Baldwin City approves housing start incentives for another year
The Baldwin City Council agreed Monday to extend for another year incentives meant to spur new housing development in the community despite little evidence they are effective and a so-so recommendation from city staff.
The incentives, first approved for 2012, reduces by 50 percent the city’s electrical, water and sewer system development fees and park fees charged on new residential construction. The incentives slash development fees for a single-family home to $3,185.
Brad Smith, interim city administrator, told the council there was no evidence the incentives did anything to encourage development through most of its history with housing starts peaking at two in 2014. Although he voiced reservations about continuing the incentives that took money away from capital improvement funds established for the electrical water and sewer utilities and parks, he wasn’t opposed to continuing them because they didn’t prompt enough activity to cost the city revenue.
Things were different in 2015 because of the successful response to the community’s securing a $200,000 Kansas Housing Authority Corporation grant, which provided homeowners up to $20,000 toward the down payment of a single-family home.
With that grant, which was secured through the efforts of Dave Hill of MidAmerica Bank, the city had 10 new home starts in the past 12 months. As part of the terms of that grant, the city agreed to forego development fees on the homes the grant helped finance.
Defending the extension Monday were Hill and local realtor Casey Simoneau, who argued the time wasn’t right to end the incentives. Simoneau said the grant-built homes provided examples of how city government benefited from the incentives because the development fees written off for their construction would be made up in property taxes alone in three years.
The incentives were needed because the city was still shaking off the effects of the recession and developers and homebuilders did not yet view Baldwin City as an attractive place to invest, Hill said. He said prices for lots in the Signal Hill and Fire Tree subdivisions were about half what they were before the recession. He suggested those lot prices provided an indication of the health of the local new-home market, and that incentive should be kept in place until those prices returned to something like pre-recession levels.
Hill and Simoneau said there were people watching the council’s decision on the extension with interest, including the developer of a 28-unit multi-family housing complex that could be slated for 2016. That development of 14 duplexes would be built through a program offered by the same agency that made this year’s grant available, Hill said.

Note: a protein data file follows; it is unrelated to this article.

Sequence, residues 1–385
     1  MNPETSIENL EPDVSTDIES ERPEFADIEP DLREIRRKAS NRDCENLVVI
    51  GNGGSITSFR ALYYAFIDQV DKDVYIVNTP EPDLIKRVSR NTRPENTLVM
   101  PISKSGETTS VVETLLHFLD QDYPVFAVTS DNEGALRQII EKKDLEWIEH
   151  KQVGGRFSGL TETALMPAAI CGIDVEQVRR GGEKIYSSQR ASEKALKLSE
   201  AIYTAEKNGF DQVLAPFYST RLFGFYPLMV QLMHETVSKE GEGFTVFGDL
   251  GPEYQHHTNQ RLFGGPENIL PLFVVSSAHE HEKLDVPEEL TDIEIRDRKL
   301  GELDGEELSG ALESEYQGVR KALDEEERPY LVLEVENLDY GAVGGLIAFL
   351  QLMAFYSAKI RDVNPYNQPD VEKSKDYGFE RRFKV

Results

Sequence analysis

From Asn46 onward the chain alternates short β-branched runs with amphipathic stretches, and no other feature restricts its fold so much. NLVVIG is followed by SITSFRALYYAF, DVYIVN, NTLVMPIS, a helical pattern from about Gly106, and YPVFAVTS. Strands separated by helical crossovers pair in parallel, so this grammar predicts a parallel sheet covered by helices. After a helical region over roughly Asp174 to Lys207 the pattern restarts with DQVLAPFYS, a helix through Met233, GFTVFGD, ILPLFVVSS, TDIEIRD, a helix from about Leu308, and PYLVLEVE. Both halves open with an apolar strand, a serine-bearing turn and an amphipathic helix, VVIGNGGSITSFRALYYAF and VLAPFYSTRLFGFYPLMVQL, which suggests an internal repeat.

The council voted 5-0 to extend the incentive another year. Smith did, however, suggest there were alternatives to the incentives the council could consider in the future. Rather than discount fees, some cities allow deferred fee schedules, he said. He also suggested the city might what to duplicate the grant program, which proved such a success in the past year.
“If the construction fees are not discounted, the city would recoup a significant portion of the grant money very quickly, with the remainder being recovered from property taxes over subsequent years,” he wrote in his report to the council.
In other business, the council:
Renewed the lease with the Baldwin City Business and Professional Women Club for the community garden on Second Street north of the cemetery through 2017 for $1 a year. The BPW has offered garden plots on the property for the past four years.
Smith said the lease had expired in recent year and although the arrangement remained in place. The BPW was asking for the renewal of the formal lease because of the opportunity to secure a United States Department of Agriculture Grant of from $2,500 to $3,500 to purchase a high-runner greenhouse for the site. BPW President Barbara Pressgrove said she planned a structure of clear plastic rolled over metal loops from 10 to 12 foot wide and 30 to 40 feet long. It would allow for garden plants to be planted earlier in year for transplant outside or simply grown in the greenhouse all year around, she said.
She would be responsible for managing and maintaining high tunnel, including the critical job of ensuring the temperature inside did not become to hot, Pressgrove said. Another benefit of the high runner would be added visibility for the community garden, which might encourage more residents to rent plots at the site, she said.
Approved renewals of cereal malt liquor licenses for Santa Fe Market, Kwik Shop, Baldwin Academy of Dance and Voice and Pizza, and tobacco licenses for Santa Fe Market, Baldwin City Market, Kwik Shop and Dollar General.